As the chart indicates, 8 of the 25 charter applications are to continue programs already offered by the school districts with the other 17 representing what could be considered a concept to start new district-run schools.
By submitting applications to redefine existing programs as charter schools, the districts stand to gain access to new funding not previously available. Five districts are proposing to start new schools for populations that they are struggling to serve, including refugees, students at-risk of dropping out, and students with disabilities. Of course, the obvious question is whether starting new schools would bring new solutions to the table or simply segregate such underserved populations in ‘separate but unequal’ settings.
One big takeaway from the submission of these 26 charter applications is that the state of Montana has a major problem. Many students, families, and communities throughout the state are not being well educated…or perhaps educated at all. Each of the 26 applications identifies a need – where a particular population of students deserves access to a quality education. These student populations – refugees, dropouts, the chronically absent, those who live in remote geographic locations, gifted and talented students, families who want a different type of school model than what regular public schools offer – deserve a quality education. So why haven’t they been receiving it?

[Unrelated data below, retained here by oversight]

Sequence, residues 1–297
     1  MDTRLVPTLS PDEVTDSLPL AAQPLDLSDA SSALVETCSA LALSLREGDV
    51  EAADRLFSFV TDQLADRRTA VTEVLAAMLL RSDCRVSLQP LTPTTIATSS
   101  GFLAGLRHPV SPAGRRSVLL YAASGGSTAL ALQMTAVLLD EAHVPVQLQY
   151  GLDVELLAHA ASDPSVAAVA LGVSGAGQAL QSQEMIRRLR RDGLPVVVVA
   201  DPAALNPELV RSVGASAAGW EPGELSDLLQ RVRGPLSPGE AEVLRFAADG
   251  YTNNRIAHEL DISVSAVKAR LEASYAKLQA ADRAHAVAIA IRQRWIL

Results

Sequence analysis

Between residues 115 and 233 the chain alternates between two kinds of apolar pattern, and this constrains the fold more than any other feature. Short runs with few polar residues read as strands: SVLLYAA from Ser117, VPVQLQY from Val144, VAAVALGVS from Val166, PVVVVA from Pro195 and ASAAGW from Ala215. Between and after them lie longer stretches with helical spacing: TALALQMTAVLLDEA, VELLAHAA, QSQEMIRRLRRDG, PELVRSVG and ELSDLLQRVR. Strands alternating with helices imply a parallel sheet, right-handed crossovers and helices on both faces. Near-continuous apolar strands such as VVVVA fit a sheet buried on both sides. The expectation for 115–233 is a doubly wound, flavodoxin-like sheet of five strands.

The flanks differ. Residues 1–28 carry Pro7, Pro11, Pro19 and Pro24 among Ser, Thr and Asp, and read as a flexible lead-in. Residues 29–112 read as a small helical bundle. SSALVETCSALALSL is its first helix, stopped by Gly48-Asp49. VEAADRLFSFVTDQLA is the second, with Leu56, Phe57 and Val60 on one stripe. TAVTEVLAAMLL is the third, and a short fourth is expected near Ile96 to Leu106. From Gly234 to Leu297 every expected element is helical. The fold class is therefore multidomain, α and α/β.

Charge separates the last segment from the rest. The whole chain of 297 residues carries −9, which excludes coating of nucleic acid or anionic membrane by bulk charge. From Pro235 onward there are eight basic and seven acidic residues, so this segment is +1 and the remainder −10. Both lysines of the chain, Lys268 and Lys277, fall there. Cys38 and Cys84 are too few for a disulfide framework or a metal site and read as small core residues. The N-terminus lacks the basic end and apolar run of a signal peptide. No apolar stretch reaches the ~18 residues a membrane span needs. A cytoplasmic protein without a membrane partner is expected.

It is no secret why the 26 charter school applications are being filed now. If the districts seeking to get approved can demonstrate that the demand is there for charter schools that operate with all the same regulatory requirements as district schools, then perhaps they can demonstrate that Montana does not need independently run charter schools at all. Therefore, the taxpayer funding under the control of districts can remain under the control of districts.
The underlying fear is that, if Montanans get a taste of what true community choice schools are like, they may become increasingly dissatisfied with what their school districts provide to them. Competition and innovation will spread, raising the standards for all schools in the state and ensuring that all families have access to quality options.
What Does This Development Mean For Montana?
With these 26 charter applications, the state of Montana has reached a crossroads where it is being presented with two scenarios:
- Scenario #1. Regulatory Conformity. Under the current scenario, all Montana public schools are subject to onerous district and state regulations with little opportunity for innovation and choice. If Montana remains on its current path, the only families who can access schools of choice are the ones with the financial means to: (a) relocate their families to affluent communities with the schools they want; or (b) pay tuition and fees for private schools.
- Scenario #2. Entrepreneurial Innovation. Elementary and secondary education in Montana can expand so that (a) districts continue to run most schools while (b) independent groups of parents, entrepreneurial educators, and independent organizers can start open-enrollment public charter schools. Under this scenario, independent charter schools can be opened for those students, families, and communities that desire them.
If Montana opts for scenario one, all public schools will continue to be authorized, funded, and operated in a heavily regulated, prescriptive manner that does not support innovation and entrepreneurship.